Henty cannot say for sure – and feels the record has cemented that place, in Palace’s hearts and history, over time.

      “I've got a picture which shows Sam Allardyce, a pretty cheerful looking Sam Allardyce – and the headline in the Evening Standard read: ‘No wonder miracle worker Allardyce feels Glad All Over.

      “In the article, he said: ‘I think it's the best song I have heard a group of fans sing after a game. Whoever decided to make that the song for Crystal Palace… I love that song.’ Not a bad bit of praise, I think!

      “I think Sylvia” – Henty’s wife and fellow Palace supporter – “was delighted too, because on more than one occasion, she actually did the PA work when I was unable to do it.

      “Then there’s the brilliant game at Villa Park, when we were in the semi-final of the [1990 FA] Cup. Sylvia and I and my son were there... and there’s one thing I will take credit for in the victory.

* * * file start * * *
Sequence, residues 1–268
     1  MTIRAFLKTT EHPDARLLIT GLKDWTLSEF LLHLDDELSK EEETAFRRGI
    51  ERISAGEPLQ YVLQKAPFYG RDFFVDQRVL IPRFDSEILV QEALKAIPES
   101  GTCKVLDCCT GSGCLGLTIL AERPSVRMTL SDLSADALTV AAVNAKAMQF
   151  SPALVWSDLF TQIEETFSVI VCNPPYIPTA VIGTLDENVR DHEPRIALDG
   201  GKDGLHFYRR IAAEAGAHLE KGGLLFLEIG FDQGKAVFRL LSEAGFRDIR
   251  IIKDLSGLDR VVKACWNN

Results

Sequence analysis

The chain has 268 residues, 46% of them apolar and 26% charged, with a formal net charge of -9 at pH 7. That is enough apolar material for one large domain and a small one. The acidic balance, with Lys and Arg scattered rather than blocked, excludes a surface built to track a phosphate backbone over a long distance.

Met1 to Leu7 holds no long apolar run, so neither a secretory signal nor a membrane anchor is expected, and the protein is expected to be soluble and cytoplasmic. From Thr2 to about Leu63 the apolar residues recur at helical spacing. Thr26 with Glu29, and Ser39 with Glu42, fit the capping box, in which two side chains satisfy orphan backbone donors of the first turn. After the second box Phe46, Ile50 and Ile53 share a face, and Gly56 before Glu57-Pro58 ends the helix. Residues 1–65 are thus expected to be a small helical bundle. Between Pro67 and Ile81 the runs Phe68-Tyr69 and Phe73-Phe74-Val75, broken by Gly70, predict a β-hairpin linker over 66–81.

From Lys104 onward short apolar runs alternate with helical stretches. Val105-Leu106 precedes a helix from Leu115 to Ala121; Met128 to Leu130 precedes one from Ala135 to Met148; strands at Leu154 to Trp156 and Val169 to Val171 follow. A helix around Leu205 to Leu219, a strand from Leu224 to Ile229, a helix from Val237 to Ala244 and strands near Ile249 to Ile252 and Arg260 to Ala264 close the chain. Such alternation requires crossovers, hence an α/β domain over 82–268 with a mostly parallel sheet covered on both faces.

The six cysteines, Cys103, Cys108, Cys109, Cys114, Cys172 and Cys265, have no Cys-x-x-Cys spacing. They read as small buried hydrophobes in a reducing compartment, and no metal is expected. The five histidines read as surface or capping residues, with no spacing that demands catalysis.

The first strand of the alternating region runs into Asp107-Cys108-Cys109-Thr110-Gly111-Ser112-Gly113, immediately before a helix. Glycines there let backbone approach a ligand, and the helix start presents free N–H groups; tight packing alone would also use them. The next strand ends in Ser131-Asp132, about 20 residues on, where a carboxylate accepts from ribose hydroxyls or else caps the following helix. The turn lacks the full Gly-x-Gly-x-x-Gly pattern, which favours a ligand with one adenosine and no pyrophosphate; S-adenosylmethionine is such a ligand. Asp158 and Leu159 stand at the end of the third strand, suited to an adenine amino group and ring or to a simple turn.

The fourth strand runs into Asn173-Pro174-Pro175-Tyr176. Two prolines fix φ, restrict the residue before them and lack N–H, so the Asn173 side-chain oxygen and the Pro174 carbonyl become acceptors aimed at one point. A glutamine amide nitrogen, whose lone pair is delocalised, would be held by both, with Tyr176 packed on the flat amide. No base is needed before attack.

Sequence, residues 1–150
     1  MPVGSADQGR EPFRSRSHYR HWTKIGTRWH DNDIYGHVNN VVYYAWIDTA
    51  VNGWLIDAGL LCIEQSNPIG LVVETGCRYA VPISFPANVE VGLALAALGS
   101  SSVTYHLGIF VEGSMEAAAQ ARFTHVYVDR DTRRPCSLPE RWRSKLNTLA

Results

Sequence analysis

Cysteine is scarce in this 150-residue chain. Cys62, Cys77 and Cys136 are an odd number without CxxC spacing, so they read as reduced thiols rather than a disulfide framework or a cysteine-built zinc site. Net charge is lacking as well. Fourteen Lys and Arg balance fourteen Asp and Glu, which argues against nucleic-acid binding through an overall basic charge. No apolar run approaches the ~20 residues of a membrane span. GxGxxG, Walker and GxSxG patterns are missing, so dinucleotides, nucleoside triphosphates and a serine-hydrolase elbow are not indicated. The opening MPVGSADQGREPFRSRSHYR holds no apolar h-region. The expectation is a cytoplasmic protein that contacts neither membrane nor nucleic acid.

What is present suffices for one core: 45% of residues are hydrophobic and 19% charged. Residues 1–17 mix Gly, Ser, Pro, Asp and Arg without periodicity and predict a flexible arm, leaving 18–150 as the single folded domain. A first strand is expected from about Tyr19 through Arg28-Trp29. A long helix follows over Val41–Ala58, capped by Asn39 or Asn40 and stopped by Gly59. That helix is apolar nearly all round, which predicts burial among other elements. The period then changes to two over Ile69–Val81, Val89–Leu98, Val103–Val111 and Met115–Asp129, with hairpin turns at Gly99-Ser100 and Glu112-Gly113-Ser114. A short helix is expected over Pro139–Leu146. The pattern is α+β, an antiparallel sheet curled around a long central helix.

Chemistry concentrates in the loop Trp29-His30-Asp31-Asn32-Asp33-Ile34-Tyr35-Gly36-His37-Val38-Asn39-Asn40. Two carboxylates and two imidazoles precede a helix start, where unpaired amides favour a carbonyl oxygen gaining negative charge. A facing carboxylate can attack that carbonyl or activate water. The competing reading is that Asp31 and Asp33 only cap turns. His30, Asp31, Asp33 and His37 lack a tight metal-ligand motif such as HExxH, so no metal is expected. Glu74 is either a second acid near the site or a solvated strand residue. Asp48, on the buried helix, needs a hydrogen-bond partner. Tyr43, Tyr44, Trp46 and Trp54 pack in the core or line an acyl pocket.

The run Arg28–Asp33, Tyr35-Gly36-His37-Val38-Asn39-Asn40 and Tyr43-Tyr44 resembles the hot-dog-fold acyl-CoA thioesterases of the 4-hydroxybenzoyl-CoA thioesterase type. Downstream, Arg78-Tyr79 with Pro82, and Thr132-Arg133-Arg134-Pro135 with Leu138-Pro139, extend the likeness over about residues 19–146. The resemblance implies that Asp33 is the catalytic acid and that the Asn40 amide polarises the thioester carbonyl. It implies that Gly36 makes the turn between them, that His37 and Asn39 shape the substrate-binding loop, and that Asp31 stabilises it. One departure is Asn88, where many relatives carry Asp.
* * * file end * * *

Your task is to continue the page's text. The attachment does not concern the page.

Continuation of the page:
“Alan Pardew's goal, for example, was a splendid contribution – but also, I'd got in touch with the PA man at Villa Park well before and sent him a cassette with Glad All Over on it! It’s very unusual for away clubs to something like that, but this guy obviously chose to play it.

      “So when the players came out, you could imagine my joy with all our supporters belting out Glad All Over. It's no wonder we won – I mean it was guaranteed, wasn't it?!”

      Reports abound of Palace fans distributing lyrics sheets at Villa Park to ensure they drowned out Liverpool's You'll Never Walk Alone – but whatever actually happened, it did the trick.

      But this affiliation very nearly did not last that long; even with The Dave Clark Five performing it live at Selhurst Park in 1968, Palace’s love affair with the record almost did not persist beyond the Malcolm Allison revolution of the early 1970s.

      At the same time that Allison transformed the club’s colours, badge and nickname, he also had designs on changing the club’s song.

      Henty revealed: “He suggested Hey Jude which, at the time, was another Beatles hit – but in my view was a bit unoriginal and a bit dirgy.

      “Fortunately, nobody bought that idea. Glad All Over simply had to come through.”